The Hailey Planning and Zoning Commission approved a draft expansion of the city’s proposed area-of-city-impact map by hundreds of acres Monday, including additional county lands to the south, west and north.
The map and associated text amendments are being updated as Hailey enters negotiations with the city of Bellevue over overlapping area-of-city-impact boundaries between the two cities.
The maps and ordinances allow cities to have more input on the management of county land than they’d otherwise get. By establishing an area of city impact, they can identify parcels of county land where development would most affect the city, and can target adjacent areas for possible annexation.
The P&Z Commission approved inclusion of hundreds of county acres south of the airport, including proposed open space on the west side of state Highway 75 and a majority of lands on the east side of the highway between Hailey and Bellevue.
At the instruction of the commission, landscape architect Chase Gouley adjusted some proposed zoning configurations between the two cities during Monday’s workshop, including changes to proposed light-industrial, medium-density residential and recreation or open-space zones. He also removed a sizable school zone previously proposed south of the city on the Eccles family’s Flying Hat Ranch in the unincorporated county.
Gouley suggested planning for a winding bike path through future developments between the two cities, with a street crossing state Highway 75 to connect with future developments in Bellevue at Chantrelle subdivision or farther north.
“Ideally, this should happen with Hailey and Bellevue at the same table,” Gouley said.
A portion of Flying Hat Ranch is disputed territory, included in draft maps by both Hailey and Bellevue. Bellevue is responding to an application for annexation by the Eccles family that would bring much of the open space between the two cities on the east side of the highway into Bellevue.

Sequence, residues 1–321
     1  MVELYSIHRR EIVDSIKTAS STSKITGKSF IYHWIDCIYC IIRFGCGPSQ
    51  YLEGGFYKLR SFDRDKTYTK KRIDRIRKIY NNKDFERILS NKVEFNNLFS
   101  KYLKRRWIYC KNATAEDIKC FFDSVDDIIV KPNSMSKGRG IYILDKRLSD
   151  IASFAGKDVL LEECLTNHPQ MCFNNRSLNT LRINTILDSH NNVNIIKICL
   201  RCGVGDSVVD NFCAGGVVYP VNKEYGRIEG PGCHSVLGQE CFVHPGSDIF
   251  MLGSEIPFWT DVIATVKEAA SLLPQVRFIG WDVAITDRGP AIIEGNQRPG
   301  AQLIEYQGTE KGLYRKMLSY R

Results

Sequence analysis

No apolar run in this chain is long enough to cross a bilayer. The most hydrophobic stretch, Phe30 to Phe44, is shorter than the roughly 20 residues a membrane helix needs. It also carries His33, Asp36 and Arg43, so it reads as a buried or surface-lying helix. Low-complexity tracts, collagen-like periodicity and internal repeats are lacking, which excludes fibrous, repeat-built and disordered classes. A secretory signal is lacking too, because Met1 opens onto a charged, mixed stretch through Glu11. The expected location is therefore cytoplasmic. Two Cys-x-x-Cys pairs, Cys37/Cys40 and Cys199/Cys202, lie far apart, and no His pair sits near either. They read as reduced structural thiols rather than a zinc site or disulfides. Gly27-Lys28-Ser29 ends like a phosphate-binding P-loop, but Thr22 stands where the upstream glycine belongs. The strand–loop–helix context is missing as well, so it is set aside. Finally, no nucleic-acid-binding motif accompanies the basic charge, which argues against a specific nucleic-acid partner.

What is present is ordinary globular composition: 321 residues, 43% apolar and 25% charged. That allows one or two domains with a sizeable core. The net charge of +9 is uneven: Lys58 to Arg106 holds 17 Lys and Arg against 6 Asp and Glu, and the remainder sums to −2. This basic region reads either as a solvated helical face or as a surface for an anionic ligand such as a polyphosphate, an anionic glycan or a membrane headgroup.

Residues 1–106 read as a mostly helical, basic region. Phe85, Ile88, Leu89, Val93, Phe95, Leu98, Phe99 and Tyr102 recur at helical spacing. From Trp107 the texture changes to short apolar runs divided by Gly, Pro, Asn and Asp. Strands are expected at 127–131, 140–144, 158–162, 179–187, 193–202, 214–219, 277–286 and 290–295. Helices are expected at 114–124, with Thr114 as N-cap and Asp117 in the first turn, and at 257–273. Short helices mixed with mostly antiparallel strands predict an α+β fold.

Last week, Bellevue officials began developing the city’s own map through a separate process, which could lead to negotiation overseen by Blaine County.
“The county plays the role of mediator,” said Blaine County Land Use Department Deputy Administrator Kathy Grotto, who attended the meeting.
The P&Z also approved inclusion of hundreds of acres in Croy Canyon into the area-of-city-impact map, as well as areas reaching to a ridgeline west of town above the Big Wood River.
An open space south of the airport on the west side of the highway was proposed to be kept largely undeveloped for a preserve and campground.
“One in three visitors to the Hailey Visitor Center asks about camping,” said Community Development Director Lisa Horowitz.
In addition to the draft boundaries, the P&Z approved text amendments to the city’s comprehensive plan associated with the area of city impact, including traffic data on state Highway 75 through Hailey (14,000 autos per day) and airport traffic (74 take-offs and landings daily).
A revised map will be presented at a continued P&Z public hearing on Dec. 16.